If I were to compare No Mercy to any fighting game, it would have to be Smash Bros. That’s because every character has the same command list. All moves are done with the same inputs. The only changes are the particulars of strength, timing, hit boxes, and so forth. Also, some characters have some extra moves in certain situations, but those are mostly optional.

There are no confusing command sequences to input. Quick grab up B, strong grab down A, running weak strike, standing strong strike. All characters have these moves with the same command inputs. This is just like Smash Bros inputs. It’s the mixing of them that allows for great depth, and in the end means you have to play more toward your opponent, rather than to your characters advantages. Dramatic. Now that’s wrestling.

Esport potential

You’ll notice that when discussing Spirit, I mentioned “chances”, meaning there’s a randomness factor in this. This is true, and this is not something that’s desirable in esports. If a player can be penalized for a random number, then where is the skill? Core-A-Gaming speaks about this premise at length here:

I propose a counterpoint.  While there is a random element, you have to get through with skill first. With fast enough reflexes and enough skill, a player can defend all offense thrown at them in a 1 on 1 match. All strikes can be blocked, and all grabs can be avoided. It’s only if a player fails to defend themselves do they become subject to chance. Even then, though, they have agency to manipulate the odds by managing their spirit and the momentum of the match. This is like Poker, subject to a degree of luck, but you’re playing the players, not the cards your dealt.

Judge Greg and I have played No Mercy in local competitive leagues, and the drama is real. The pacing is tense for both players and audience. It is both sport and show. Now that’s wrestling.

No Mercy does have issues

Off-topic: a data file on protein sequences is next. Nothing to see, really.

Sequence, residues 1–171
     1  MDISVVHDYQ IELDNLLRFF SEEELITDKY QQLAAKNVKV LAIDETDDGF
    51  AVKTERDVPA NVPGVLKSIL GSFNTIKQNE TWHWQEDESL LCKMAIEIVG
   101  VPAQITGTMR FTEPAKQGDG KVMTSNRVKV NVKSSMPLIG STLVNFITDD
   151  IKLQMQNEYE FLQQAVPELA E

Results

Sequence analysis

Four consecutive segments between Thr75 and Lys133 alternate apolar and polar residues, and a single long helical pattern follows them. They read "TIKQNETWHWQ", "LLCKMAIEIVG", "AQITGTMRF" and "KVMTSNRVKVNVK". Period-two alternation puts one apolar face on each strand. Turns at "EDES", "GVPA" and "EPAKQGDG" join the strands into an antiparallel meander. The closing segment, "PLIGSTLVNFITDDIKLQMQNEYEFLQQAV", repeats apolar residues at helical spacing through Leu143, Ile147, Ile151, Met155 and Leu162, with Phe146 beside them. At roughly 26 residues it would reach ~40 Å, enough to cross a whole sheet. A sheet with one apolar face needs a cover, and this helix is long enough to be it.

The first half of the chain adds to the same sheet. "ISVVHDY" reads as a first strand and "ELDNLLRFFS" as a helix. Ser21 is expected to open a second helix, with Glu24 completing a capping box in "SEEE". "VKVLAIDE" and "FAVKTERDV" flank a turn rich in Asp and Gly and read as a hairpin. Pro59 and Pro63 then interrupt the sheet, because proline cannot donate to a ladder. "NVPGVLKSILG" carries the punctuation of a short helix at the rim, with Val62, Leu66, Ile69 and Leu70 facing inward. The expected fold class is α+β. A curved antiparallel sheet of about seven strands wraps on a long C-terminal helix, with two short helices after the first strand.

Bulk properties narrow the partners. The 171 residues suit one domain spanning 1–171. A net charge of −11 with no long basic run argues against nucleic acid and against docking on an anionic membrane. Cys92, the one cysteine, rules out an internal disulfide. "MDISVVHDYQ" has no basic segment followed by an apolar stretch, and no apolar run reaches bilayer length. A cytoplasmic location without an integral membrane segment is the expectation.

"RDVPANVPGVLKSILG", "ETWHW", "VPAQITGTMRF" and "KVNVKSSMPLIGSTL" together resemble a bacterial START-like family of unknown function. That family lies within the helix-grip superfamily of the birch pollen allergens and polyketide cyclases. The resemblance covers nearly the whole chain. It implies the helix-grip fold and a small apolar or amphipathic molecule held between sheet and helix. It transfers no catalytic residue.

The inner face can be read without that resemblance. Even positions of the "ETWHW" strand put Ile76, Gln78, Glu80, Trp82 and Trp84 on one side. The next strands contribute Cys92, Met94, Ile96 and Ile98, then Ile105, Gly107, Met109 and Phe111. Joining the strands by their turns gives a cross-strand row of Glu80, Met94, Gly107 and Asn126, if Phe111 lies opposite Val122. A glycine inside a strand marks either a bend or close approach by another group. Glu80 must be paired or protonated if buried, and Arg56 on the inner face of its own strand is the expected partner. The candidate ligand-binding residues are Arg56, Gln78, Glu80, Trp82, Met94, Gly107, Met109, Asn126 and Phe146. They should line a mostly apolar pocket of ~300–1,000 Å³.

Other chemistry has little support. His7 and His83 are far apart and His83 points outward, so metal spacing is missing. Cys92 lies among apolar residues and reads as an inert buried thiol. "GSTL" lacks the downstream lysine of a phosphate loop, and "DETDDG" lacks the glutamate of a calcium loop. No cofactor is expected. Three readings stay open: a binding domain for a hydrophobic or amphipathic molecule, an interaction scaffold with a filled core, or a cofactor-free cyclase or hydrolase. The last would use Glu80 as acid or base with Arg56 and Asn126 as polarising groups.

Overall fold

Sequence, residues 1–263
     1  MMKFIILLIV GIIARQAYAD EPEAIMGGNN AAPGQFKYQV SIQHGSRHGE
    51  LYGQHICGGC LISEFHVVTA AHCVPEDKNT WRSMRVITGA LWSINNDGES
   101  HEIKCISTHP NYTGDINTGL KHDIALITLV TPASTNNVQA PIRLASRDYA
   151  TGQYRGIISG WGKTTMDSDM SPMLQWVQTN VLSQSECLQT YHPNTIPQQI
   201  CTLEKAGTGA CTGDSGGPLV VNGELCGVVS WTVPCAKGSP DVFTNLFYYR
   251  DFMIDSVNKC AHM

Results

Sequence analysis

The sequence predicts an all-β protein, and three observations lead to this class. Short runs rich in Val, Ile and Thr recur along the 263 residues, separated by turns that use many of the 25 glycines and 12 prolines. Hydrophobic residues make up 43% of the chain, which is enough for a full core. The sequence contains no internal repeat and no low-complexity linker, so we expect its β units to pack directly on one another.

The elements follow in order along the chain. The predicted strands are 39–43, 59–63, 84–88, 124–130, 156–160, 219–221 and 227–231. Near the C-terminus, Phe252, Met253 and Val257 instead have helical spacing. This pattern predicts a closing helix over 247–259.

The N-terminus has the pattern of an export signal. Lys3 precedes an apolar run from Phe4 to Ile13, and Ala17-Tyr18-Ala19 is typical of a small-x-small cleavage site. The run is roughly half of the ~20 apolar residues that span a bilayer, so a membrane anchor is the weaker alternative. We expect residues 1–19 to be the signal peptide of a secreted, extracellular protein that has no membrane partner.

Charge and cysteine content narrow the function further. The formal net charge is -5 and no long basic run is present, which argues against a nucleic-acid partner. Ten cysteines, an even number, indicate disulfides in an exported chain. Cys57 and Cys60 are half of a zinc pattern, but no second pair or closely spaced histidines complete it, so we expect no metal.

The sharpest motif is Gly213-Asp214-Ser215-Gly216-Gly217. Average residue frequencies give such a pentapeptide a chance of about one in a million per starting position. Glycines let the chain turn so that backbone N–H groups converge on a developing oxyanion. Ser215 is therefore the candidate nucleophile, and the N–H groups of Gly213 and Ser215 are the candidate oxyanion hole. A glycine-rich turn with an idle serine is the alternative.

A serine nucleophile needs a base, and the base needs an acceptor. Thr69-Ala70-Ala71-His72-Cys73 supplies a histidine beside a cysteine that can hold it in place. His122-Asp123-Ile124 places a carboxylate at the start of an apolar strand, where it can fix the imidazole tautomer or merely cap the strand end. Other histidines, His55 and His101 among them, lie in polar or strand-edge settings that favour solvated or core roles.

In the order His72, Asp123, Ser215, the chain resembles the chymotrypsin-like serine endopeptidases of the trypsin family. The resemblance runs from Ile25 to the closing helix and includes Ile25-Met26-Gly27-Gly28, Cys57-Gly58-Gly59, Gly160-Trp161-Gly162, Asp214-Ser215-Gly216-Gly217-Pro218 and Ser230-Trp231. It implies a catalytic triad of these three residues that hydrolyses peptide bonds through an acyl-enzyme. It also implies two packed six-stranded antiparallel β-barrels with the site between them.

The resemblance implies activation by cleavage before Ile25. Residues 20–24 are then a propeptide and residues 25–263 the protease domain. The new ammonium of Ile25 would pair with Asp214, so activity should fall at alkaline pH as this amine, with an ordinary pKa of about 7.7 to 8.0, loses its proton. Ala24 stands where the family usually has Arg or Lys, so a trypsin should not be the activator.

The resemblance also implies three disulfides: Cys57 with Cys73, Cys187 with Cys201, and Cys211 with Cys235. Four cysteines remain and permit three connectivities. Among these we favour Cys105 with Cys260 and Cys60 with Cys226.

All of that said, while No Mercy is the best wrestling game, there are still some design flaws.

  • Throwing someone out of the ring can’t be countered in any way, meaning there’s a lot of cheap spirit draining that can happen.
  • The hip toss is easy to counter, and while it’s a weak grab, when countered the opponent has you in a strong grab.
  • Certain submission holds are exceptionally difficult to escape. The irish whip sleeper can take a long time to get to the ropes because of body position.
  • It’s too easy to hit a finisher off of an irish whip. The player has to grab with a strong grab to hit the finisher, but with a weak grab, they can whip into the ropes and hit the finisher off the rebound.
  • Taunting gives a good meta game of spirit management, but it is exploitable. It can lead to a game of keep away while taunting as a form of indirect offense.
  • DQs can be a bit iffy. Throwing an item from outside the ring to the inside and hitting someone isn’t a DQ, but standing on the announce table and throwing it in and it hitting someone is. (Yes Greg, I still remember when that happened.)
  • Quick match setting goes way too far to shift the balance, as mentioned above with submissions.

These are all design issues that can be tweaked and improved upon. They reflect some balance issues, and some functionality oversights. It runs much more smoothly than WWE2K17, though. 2K17’s career mode has more potential by a wide margin, but it’s too opaque and grind-y. Climbing the ranks takes forever, and I don’t know why I keep losing feuds in 2K17. Even with over 15 years of progress, I’m more likely to play through a No Mercy career again before I get to the title in 2K17.

There is one thing that I would have really liked to see in No Mercy, and that’s a 5 count for a rope break before DQ like Power Move Pro. Also, Power Move Pro had better title music.

Ok, I’ve talked about wrestling twice in a row now. Something different next time, I promise.

 


Kynetyk is a veteran of the games industry.  Behind the Line is written to help improve understanding of what goes on in the game development process and the business behind it.  From “What’s taking this game so long to release”, to “why are there bugs”, to “Why is this free to play” or anything else, if there is a topic that you would like to see covered, please write in to kynetyk@enthusiacs.com or follow @kynetykknows